Nature Photonics Research Highlight: From UV to mid-IR

From UV to mid-IR

Appl. Phys. Lett. 95, 161103 (2009)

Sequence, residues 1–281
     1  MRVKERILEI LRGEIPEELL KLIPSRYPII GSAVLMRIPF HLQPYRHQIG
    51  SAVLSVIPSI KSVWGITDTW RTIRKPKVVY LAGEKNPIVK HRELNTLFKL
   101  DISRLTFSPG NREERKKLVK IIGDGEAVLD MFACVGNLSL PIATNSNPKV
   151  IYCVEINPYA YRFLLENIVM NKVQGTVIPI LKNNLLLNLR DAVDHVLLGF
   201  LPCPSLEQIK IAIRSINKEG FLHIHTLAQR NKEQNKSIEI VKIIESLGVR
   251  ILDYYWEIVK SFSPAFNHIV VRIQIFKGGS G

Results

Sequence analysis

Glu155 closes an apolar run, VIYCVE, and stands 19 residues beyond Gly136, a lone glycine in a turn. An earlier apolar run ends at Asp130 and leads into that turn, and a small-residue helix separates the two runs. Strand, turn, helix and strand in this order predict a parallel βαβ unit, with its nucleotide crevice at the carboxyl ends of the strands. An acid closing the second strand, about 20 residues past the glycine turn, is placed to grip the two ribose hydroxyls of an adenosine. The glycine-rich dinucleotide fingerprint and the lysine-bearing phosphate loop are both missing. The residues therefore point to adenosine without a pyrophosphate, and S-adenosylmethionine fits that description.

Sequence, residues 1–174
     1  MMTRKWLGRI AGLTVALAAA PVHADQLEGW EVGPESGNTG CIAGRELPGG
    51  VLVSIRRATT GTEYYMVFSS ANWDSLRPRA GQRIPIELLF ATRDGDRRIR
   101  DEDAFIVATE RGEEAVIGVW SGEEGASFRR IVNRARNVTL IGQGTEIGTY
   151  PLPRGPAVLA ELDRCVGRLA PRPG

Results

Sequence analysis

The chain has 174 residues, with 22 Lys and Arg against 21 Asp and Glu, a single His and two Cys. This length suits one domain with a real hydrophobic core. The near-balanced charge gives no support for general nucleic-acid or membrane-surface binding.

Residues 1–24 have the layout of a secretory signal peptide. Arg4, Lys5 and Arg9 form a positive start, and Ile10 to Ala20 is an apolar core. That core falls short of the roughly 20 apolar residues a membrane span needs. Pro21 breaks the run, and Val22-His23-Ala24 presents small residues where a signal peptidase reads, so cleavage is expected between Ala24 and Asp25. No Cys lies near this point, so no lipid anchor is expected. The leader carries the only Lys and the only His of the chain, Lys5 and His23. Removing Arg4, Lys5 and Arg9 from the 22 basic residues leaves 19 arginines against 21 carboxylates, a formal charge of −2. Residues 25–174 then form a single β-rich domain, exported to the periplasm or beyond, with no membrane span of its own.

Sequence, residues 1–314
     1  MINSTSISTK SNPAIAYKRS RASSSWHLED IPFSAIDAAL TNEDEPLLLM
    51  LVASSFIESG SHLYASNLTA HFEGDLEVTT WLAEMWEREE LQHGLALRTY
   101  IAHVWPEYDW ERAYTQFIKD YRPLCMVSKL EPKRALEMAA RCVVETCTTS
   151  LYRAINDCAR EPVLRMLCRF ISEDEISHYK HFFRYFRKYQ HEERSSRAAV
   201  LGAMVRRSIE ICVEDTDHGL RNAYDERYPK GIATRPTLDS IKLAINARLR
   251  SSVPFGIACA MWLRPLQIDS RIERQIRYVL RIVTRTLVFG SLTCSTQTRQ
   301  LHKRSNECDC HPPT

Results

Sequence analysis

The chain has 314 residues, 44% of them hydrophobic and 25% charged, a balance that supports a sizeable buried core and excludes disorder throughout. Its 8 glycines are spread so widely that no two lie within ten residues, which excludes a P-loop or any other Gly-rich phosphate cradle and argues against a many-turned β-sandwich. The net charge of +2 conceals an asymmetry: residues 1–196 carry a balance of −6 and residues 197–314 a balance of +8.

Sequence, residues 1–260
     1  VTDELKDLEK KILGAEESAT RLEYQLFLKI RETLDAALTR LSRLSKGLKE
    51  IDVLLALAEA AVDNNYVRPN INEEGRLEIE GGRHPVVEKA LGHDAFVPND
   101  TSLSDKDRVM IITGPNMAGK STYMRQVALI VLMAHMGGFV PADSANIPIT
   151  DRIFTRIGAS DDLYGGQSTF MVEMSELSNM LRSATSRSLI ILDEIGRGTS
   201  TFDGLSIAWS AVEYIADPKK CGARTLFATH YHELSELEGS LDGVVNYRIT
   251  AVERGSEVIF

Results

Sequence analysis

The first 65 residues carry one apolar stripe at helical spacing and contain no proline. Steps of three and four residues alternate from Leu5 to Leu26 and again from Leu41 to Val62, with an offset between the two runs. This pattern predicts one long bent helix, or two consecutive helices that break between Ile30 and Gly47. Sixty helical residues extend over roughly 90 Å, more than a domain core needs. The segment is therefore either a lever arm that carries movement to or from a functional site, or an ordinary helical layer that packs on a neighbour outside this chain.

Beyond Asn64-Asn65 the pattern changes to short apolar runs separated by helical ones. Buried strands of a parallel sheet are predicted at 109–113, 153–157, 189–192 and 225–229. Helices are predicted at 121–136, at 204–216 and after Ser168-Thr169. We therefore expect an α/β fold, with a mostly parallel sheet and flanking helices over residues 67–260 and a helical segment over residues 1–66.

Supercontinua—ultrabroad bandwidth light pulses usually created by propagating intense optical pulses through a strongly nonlinear media — are attractive for many applications including spectroscopy, optical coherence tomography and the creation of tunable ultrafast femtosecond light sources. So far, however, supercontinuum generation has been limited between UV and nearinfrared wavelengths for silica photonic crystal fibres and 0.8–4.5 μm for fluoride fibres. Now, Guanshi Qin and colleagues from Toyota Technological Institute in Japan report that broader operation from the UV to wavelengths as long as 6–8 μm in the midinfrared can be achieved by using a short length of ZrF4–BaF2–LaF3–AlF3–NaF fluoride fibre and a high peak pump power. The team investigated a 2-cm-long step-index fluoride fibre with a core diameter of 9 μm, a numerical aperture of 0.2 and a zero-dispersion wavelength of 1.65 μm. Using a 1,450 nm femtosecond laser emitting a peak power of 50 MW as a pump, supercontinuum light with wavelengths ranging from the UV to 6.28 μm was observed. The spectral broadening is said to be a result of self-phase modulation, Raman scattering and four-wave mixing. According to the researchers, the use of a fibre with a larger numerical aperture, such as air-cladding microstructured fibre, could further extend the wavelength to 8 μm.